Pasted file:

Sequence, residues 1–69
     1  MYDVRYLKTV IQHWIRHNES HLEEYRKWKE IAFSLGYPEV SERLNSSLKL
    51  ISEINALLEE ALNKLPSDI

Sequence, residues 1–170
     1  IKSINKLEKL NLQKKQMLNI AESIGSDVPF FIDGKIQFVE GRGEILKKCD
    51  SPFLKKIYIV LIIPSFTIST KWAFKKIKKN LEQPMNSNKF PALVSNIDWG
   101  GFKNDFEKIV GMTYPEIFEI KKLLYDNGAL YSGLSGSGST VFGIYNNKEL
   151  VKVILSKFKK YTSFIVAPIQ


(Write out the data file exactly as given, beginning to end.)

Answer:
Sequence, residues 1–69
     1  MYDVRYLKTV IQHWIRHNES HLEEYRKWKE IAFSLGYPEV SERLNSSLKL
    51  ISEINALLEE ALNKLPSDI

Sequence, residues 1–170
     1  IKSINKLEKL NLQKKQMLNI AESIGSDVPF FIDGKIQFVE GRGEILKKCD
    51  SPFLKKIYIV LIIPSFTIST KWAFKKIKKN LEQPMNSNKF PALVSNIDWG
   101  GFKNDFEKIV GMTYPEIFEI KKLLYDNGAL YSGLSGSGST VFGIYNNKEL
   151  VKVILSKFKK YTSFIVAPIQ